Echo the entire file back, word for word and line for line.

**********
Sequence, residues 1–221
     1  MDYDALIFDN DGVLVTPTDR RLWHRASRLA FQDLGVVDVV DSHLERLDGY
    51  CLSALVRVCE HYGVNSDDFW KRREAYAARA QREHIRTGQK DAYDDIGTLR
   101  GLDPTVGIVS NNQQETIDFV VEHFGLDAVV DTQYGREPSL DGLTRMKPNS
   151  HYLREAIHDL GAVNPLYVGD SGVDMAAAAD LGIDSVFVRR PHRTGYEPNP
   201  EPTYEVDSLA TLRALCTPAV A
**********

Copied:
Sequence, residues 1–221
     1  MDYDALIFDN DGVLVTPTDR RLWHRASRLA FQDLGVVDVV DSHLERLDGY
    51  CLSALVRVCE HYGVNSDDFW KRREAYAARA QREHIRTGQK DAYDDIGTLR
   101  GLDPTVGIVS NNQQETIDFV VEHFGLDAVV DTQYGREPSL DGLTRMKPNS
   151  HYLREAIHDL GAVNPLYVGD SGVDMAAAAD LGIDSVFVRR PHRTGYEPNP
   201  EPTYEVDSLA TLRALCTPAV A